HAVANA -- Orioles owner Peter Angelos and a large contingent of officials representing Major League Baseball and Catholic Relief Services arrived here last night to begin negotiations for a humanitarian home-and-home exhibition series with a team of Cuban amateur players.
The delegation, headed by Angelos and Major League Baseball executive vice president Sandy Alderson, also includes Louis Angelos, Orioles left fielder B. J. Surhoff, MLB counsel Bill Schweitzer, players union representative Tony Bernazard, CRS representative Tom Garafalo and several lawyers and advisers to assist in the complex negotiations.
"We're pleased to be here," said Peter Angelos, as his chartered plane touched down at Jose Marti International Airport. "We have every expectation that we'll have a successful trip.
"We appreciate the support of our government for this effort to advance relations between the Cuban and American people. We also appreciate the courtesy and cooperation we expect to receive from the Cuban government."
Angelos and his traveling party were greeted warmly at the airport by members of the Cuban delegation that will participate in the three days of meetings. Jose Villanueva Torre, Cuba's vice minister of sports, delivered the official welcome. Angelos made a short speech thanking the Cubans for their hospitality and expressing hope that the meetings would be successful.
Angelos and Washington-based consultant Scott Armstrong met briefly with Torre to discuss the itinerary for the mission, but will begin serious negotiations today.
Though Cuban sports officials are believed to be in favor of an Orioles visit, there are a number of complex matters to be resolved -- from the distribution of proceeds from the games to a decision on the use of aluminum or wooden bats.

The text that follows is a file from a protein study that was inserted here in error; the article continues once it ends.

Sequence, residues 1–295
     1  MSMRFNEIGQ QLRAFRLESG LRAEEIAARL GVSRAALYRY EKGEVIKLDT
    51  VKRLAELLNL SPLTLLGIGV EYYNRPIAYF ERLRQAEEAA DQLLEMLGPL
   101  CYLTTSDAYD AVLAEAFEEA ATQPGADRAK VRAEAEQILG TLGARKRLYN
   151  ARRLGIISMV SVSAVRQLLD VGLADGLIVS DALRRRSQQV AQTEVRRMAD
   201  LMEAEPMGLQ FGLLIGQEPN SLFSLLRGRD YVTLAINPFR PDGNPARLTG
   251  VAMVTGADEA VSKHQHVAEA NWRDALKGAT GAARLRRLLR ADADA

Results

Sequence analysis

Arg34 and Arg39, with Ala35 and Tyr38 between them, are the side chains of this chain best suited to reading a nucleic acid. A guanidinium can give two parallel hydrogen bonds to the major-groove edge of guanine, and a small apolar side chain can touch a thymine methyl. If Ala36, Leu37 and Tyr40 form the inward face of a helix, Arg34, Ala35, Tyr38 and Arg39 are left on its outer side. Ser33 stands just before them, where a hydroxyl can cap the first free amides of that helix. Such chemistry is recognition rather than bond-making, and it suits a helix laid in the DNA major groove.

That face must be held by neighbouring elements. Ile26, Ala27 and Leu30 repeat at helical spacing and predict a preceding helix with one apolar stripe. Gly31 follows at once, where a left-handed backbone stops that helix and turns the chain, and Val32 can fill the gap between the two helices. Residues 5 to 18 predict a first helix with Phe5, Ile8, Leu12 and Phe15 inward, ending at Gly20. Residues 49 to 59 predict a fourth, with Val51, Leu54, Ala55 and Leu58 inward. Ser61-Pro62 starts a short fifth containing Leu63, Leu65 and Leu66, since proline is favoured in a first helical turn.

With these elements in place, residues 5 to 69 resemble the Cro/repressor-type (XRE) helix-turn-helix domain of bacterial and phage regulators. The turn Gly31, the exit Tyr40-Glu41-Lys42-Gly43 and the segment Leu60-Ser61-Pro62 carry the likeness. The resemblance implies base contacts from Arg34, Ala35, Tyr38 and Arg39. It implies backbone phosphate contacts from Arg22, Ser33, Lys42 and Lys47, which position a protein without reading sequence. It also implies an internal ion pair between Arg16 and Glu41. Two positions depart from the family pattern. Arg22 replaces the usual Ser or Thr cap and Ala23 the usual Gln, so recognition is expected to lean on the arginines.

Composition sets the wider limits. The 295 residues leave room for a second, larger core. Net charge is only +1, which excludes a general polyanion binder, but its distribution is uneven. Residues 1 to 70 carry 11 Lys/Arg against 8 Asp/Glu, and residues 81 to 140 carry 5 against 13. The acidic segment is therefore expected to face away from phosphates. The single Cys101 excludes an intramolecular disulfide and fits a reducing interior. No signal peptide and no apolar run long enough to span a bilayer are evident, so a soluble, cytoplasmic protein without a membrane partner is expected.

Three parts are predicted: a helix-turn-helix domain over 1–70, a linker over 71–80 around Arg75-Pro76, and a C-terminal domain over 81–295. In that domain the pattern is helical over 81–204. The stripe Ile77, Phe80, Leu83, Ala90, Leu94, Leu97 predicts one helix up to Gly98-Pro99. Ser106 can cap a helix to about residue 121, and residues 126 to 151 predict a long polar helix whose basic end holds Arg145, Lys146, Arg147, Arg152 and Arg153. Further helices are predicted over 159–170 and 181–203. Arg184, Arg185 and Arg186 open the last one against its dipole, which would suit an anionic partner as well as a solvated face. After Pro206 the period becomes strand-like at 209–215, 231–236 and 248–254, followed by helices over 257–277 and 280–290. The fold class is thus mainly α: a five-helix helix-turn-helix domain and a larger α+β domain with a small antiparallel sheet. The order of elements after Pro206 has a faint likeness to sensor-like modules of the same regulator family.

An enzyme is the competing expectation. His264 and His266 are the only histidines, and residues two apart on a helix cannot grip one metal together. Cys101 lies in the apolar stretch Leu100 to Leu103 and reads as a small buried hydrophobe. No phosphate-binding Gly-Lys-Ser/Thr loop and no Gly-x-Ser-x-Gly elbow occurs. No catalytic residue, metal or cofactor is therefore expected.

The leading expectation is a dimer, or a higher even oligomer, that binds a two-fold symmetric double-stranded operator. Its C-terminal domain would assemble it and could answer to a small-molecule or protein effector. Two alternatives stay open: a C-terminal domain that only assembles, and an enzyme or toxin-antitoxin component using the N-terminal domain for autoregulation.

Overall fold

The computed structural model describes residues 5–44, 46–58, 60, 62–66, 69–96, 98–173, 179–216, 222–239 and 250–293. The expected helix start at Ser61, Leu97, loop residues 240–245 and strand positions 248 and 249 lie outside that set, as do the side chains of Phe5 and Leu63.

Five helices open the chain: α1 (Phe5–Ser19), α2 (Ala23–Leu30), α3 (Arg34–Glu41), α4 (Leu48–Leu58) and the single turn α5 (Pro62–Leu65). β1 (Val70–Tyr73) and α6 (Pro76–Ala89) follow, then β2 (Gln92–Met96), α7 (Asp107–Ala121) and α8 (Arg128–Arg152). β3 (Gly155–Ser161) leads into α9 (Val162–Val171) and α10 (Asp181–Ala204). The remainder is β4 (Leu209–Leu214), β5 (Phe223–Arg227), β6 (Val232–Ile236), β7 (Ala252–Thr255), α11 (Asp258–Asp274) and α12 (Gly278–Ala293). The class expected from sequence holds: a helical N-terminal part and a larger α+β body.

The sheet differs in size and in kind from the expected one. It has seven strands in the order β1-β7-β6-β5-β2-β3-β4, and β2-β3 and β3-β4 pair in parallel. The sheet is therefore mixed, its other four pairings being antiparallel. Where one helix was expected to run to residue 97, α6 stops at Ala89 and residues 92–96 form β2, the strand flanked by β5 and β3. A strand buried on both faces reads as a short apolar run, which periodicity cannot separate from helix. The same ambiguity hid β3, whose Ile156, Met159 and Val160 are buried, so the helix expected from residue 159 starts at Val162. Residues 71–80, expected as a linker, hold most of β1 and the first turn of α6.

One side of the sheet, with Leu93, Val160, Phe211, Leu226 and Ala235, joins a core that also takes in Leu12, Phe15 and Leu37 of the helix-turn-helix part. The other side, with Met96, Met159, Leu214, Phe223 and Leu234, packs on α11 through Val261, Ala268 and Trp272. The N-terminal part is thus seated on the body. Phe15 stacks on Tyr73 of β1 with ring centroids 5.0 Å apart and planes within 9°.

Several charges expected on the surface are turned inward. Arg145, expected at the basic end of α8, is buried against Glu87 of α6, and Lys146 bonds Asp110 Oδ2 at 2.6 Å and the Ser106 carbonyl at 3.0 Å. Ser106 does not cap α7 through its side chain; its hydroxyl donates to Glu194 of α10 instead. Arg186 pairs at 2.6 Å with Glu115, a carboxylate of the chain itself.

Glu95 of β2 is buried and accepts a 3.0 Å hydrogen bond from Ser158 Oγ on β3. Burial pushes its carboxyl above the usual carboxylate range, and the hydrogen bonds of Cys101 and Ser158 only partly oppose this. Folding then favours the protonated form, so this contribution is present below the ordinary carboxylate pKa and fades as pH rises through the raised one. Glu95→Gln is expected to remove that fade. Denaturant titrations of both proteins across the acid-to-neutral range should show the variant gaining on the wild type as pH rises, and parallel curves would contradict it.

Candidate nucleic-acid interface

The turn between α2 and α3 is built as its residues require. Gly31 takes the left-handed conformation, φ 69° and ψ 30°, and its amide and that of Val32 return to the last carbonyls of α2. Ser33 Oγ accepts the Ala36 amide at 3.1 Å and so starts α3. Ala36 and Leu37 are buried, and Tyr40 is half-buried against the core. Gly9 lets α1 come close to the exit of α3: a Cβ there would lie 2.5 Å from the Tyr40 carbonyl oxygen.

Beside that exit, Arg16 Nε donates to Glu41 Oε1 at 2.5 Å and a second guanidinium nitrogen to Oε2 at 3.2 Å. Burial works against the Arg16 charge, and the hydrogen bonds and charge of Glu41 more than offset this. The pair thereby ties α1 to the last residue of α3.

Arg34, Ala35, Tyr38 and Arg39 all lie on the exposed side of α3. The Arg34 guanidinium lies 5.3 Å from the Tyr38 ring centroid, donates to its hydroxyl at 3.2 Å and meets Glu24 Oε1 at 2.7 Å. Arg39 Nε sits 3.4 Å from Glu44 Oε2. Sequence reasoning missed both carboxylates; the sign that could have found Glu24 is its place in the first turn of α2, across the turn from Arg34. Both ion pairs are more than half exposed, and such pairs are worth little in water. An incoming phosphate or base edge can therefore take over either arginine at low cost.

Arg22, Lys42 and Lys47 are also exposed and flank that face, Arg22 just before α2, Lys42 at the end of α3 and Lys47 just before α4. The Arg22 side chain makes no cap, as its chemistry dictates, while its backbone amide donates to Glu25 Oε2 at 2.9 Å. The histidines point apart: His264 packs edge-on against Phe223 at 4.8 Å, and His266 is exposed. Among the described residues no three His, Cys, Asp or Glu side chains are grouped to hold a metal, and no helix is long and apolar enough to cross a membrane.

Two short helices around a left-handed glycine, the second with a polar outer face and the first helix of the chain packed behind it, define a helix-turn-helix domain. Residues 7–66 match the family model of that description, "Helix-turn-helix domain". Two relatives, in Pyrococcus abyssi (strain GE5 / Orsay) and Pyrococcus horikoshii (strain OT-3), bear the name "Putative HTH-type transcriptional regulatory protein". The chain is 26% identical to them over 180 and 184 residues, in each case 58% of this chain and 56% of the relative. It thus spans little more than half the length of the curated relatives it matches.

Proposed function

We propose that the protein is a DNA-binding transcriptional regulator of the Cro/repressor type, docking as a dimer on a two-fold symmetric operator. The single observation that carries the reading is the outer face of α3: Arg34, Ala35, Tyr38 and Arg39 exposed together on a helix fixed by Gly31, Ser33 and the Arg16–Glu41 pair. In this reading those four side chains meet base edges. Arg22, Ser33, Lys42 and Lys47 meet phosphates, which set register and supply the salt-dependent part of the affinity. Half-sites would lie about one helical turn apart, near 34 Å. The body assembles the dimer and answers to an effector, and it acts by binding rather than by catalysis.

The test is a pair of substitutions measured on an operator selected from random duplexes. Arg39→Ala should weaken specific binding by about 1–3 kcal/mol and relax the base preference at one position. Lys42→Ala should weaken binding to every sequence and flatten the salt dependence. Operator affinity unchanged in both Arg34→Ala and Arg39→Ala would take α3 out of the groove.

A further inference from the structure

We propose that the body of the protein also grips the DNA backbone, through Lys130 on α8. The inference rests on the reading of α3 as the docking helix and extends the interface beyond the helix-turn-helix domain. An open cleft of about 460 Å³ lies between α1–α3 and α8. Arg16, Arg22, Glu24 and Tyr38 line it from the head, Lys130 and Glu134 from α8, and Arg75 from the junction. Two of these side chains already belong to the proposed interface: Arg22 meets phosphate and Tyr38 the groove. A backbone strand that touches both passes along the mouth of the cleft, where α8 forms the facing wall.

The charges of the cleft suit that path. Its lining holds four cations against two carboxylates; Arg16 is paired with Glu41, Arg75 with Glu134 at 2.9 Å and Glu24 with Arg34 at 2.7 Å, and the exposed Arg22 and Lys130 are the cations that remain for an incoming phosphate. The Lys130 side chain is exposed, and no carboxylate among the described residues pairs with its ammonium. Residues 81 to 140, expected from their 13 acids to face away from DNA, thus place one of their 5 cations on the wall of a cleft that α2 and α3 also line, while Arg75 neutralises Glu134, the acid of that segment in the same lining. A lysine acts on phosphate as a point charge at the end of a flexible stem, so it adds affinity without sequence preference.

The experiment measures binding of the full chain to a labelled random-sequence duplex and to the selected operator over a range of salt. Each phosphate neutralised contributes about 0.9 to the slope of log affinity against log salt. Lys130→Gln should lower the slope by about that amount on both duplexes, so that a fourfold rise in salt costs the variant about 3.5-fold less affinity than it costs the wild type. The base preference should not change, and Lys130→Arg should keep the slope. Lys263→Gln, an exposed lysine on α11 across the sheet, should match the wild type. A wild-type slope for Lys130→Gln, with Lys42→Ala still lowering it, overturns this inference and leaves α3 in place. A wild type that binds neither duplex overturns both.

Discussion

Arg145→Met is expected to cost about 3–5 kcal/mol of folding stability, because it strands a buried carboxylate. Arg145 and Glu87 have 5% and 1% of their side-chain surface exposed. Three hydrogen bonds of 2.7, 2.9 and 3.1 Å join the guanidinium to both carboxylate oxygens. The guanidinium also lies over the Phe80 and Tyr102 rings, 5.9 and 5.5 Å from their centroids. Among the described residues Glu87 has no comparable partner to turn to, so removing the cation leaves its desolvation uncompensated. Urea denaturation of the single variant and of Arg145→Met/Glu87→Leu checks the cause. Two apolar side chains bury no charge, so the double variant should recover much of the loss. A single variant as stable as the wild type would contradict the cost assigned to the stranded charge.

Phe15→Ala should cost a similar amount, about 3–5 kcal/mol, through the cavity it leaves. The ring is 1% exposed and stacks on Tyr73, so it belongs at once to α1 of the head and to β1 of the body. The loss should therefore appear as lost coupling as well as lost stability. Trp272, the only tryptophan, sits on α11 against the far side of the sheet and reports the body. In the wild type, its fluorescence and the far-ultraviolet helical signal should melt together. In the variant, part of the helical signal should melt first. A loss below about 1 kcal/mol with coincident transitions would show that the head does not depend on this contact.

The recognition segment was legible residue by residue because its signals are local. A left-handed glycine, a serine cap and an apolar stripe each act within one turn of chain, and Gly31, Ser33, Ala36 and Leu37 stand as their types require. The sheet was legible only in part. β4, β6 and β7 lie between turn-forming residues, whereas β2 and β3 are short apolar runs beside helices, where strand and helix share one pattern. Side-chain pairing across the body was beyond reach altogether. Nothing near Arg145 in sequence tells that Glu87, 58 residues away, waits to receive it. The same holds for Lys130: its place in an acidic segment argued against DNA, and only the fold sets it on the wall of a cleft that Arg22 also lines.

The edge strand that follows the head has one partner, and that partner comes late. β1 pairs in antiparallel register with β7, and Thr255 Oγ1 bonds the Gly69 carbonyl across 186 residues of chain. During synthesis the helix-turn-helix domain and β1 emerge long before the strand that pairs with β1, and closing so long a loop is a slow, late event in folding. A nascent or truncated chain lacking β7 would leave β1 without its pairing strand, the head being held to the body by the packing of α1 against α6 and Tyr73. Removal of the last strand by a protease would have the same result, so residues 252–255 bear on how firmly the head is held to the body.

The makeup of the baseball traveling party reflected the variety of issues that have to be addressed. Surhoff was invited on the trip to advise the team on playing conditions at the stadiums that the group will tour over the next three days, as well as being an unofficial representative of the players union.
Bernazard, the Major League Baseball Players Association director of international licensing, also will represent the players union in the negotiations.
Surhoff was not originally part of the delegation, but was invited earlier this week after union officials encouraged him to call Angelos with questions about the proposed exhibition series.
"We had a conference call with Don Fehr," Surhoff said of the union chief. "He said that if we had any questions, to call Peter. I called him and he said, `How'd you like to come with us?'
"I think it's a good idea to have a player who also is involved with the union to be here."
Surhoff will be included in the nuts-and-bolts negotiating sessions, but his main role likely will be to advise the Orioles on the suitability of the Cuban facilities.
"If something comes up, hopefully I can relay an opinion," Surhoff said. "I'm going to look at playing conditions and I definitely want to check on security."
He intends to steer clear of the political implications of the proposed series, which was approved last week in a surprise announcement by the U.S. State Department, so long as the proceeds go directly to charity and not to the Castro regime.
"I'm very sensitive to the concerns of Cuban people in the States and how they might feel about it," he said. "I'm not into the politics of all this. If somewhere down the road it can help, that's great, but how am I to know how the Cuban-American people feel about it?"
Angelos indicated last week that the response he has received from Cuban-American groups has been generally positive, but the trip has yet to become a reality.
Two meetings are planned for today. The delegation will discuss television coverage in a meeting with Cuban broadcast officials tomorrow and attend a Cuban baseball game at the Latin American Stadium.
If all goes well, there could be an announcement on Monday, though many hurdles have to be cleared for the two games to be scheduled.
Pub Date: 1/16/99